URGENCY – Foundation of a saleable product
A lot of articles talk about ‘creating’ urgency in order to sell your product. However, I don’t think you can base your product’s salability on hoping marketing and sales manipulations will create a motivated customer. If your target customer does not already have some urgency in finding a solution to the problem he has, it will be hard to pump up urgency to a point where a prospect becomes a customer.
The customer who is prepared to take money out of his pocket and give it to you is a motivated customer; he is motivated to find a solution to a problem he knows he has. Motivation drives sales—an unmotivated prospect will not become a customer. The ease with which you create that actionable level of motivation is a direct function of urgency: more urgency, more motivation.
Urgency is used to judge how easy it will be to sell your product. Really easy is good; it means you don’t have to work too hard to make the sale. I’m not saying it is good to be lazy, I’m saying that you can make more profit with X number of marketing/sales dollars than you can if you have to spend hours and XXXX dollars to convince people they should buy the product. It’s just a matter of efficiency.
If you start with a product that inherently evokes a high sense of urgency, things will be easier. If you start with a product in which nobody seems to care much about buying, you will have a very hard time. Most products are somewhere in between.
Urgency also serves to narrow down the available market to the probable market, the ones that will probably buy your product.
Urgency is a function of Frequency and Intensity.
Let’s say you make an expensive headache remedy and you are trying to find the quickest and easiest sales path. There is a huge available market: everybody has a headache at some point in their lives. If you look at one classification—people that have an intense headache once a year—you’ll see intensity but no frequency. If you look at another classification—people that have a ‘tiny’ headache every morning—you’ll see frequency but no intensity. Neither of these groups have enough actionable urgency to find a remedy, especially an expensive one. So, who do you sell to? Answer: the people who have an intense headache every day. You really don’t have to sell very hard, do you? They will rip it out of your hands and shove money in your pocket if it will work for them.
Now, how big is that market? If you remember my Three Critical Questions, you’ll remember that the first question is: Do a lot of people really have the problem you think they do? You can use the urgency test to answer the lot of people part of the question. Out of the total available market, how many have intense headaches every day? That question can only be answered by a strong Customer Investigation process: you ASK a lot of people! If you find that only a handful of people have a level of urgency sufficient to establish a high enough motivation to purchase, maybe the product needs to be re-thought.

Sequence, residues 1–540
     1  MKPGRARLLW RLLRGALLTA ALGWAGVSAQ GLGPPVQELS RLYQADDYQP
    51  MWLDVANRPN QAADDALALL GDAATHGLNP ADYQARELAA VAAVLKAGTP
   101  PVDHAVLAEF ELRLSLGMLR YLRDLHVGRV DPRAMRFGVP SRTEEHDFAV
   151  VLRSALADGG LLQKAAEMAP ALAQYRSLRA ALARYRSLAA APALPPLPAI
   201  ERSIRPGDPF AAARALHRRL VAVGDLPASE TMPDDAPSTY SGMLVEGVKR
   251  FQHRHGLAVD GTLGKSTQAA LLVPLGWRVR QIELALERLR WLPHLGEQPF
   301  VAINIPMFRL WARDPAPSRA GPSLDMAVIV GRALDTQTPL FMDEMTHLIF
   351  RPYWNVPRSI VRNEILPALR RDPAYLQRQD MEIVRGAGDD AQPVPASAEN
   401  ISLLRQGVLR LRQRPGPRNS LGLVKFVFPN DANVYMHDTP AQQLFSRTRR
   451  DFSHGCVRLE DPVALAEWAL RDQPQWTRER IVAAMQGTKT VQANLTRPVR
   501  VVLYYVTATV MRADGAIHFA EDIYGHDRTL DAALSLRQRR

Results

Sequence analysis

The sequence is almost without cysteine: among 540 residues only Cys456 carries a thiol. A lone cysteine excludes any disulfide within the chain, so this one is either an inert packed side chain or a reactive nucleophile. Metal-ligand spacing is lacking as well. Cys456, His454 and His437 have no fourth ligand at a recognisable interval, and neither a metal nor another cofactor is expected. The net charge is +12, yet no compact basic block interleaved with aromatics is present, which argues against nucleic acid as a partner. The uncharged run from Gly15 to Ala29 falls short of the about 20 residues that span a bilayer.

Looking at the market in terms of urgency can clarify the prospects for success. Now, I know what you’re thinking: what about Twitter? Who could have projected the level of urgency that would cause millions of people to write 142-character notes to each other all day long? Some urgencies are hidden really deep—and people are still a mystery.
What about Popcorn in a Can, however? If you’ve never heard of that product, there’s a good reason: priced at $3.50, a small can wouldn’t even make a dent in the popcorn craving of one person. You’d have to spend $14.00 to equal the serving you get from a typical microwave bag at $3.49. There may be urgency to have popcorn, but people apply other filters to create Actionable Urgency.
There is just not enough Value in “Popcorn in a Can”.
VALUE = BENEFIT/COST
With Twitter, the Benefits far exceed the Cost.
With Popcorn in a Can, the Cost far exceeds the Benefits. And, no amount of urgency can overcome that. This goes to the third question of the Three Critical Questions: Does your product offer a compelling solution to their problem? Redenbacher just offers a better solution.
The bottom is this: whether you have a struggling product or are thinking through a new product, try to determine the customer’s urgency level in finding a solution. The higher the urgency, the easier the sale and the more revenues you can generate. If very few people have any urgency to buy at all, no amount of slick marketing is going to create a successful product.
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Can a Venture Capitalist Buy a Country?
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When an American private equity firm orchestrates a devastating war between two powerful drug cartels and a partnership with two others, a new nation is born.
But when the sinister purpose behind the primary investor is revealed, grave mistakes may destroy America.
Only two young FBI agents can stop it in time.